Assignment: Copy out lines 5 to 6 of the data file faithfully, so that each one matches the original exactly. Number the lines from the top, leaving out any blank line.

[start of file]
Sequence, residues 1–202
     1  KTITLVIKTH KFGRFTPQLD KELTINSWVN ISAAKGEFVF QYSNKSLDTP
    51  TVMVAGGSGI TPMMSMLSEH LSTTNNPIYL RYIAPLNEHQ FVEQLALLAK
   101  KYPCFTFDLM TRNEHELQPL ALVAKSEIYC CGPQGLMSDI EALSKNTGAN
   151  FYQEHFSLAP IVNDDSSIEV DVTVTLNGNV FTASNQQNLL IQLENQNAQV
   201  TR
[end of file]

   151  FYQEHFSLAP IVNDDSSIEV DVTVTLNGNV FTASNQQNLL IQLENQNAQV
   201  TR